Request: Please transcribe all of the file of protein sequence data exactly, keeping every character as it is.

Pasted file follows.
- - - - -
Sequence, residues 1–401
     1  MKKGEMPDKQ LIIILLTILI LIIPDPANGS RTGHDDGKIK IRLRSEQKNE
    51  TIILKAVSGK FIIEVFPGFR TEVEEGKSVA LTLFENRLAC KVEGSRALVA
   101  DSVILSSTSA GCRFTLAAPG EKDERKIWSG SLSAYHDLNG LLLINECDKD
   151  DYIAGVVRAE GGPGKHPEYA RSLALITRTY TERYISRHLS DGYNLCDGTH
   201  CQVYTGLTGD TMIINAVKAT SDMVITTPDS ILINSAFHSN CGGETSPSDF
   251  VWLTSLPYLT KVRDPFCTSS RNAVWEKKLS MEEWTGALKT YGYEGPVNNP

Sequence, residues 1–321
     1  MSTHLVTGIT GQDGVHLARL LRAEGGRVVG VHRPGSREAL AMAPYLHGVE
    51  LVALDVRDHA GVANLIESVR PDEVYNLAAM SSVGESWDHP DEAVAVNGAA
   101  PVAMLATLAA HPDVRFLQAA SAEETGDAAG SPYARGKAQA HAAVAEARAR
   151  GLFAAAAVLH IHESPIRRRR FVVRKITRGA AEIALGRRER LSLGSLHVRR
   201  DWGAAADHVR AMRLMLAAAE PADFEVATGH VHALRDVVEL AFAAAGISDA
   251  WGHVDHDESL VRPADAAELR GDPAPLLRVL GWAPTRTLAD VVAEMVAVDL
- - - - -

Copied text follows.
Sequence, residues 1–401
     1  MKKGEMPDKQ LIIILLTILI LIIPDPANGS RTGHDDGKIK IRLRSEQKNE
    51  TIILKAVSGK FIIEVFPGFR TEVEEGKSVA LTLFENRLAC KVEGSRALVA
   101  DSVILSSTSA GCRFTLAAPG EKDERKIWSG SLSAYHDLNG LLLINECDKD
   151  DYIAGVVRAE GGPGKHPEYA RSLALITRTY TERYISRHLS DGYNLCDGTH
   201  CQVYTGLTGD TMIINAVKAT SDMVITTPDS ILINSAFHSN CGGETSPSDF
   251  VWLTSLPYLT KVRDPFCTSS RNAVWEKKLS MEEWTGALKT YGYEGPVNNP

Sequence, residues 1–321
     1  MSTHLVTGIT GQDGVHLARL LRAEGGRVVG VHRPGSREAL AMAPYLHGVE
    51  LVALDVRDHA GVANLIESVR PDEVYNLAAM SSVGESWDHP DEAVAVNGAA
   101  PVAMLATLAA HPDVRFLQAA SAEETGDAAG SPYARGKAQA HAAVAEARAR
   151  GLFAAAAVLH IHESPIRRRR FVVRKITRGA AEIALGRRER LSLGSLHVRR
   201  DWGAAADHVR AMRLMLAAAE PADFEVATGH VHALRDVVEL AFAAAGISDA
   251  WGHVDHDESL VRPADAAELR GDPAPLLRVL GWAPTRTLAD VVAEMVAVDL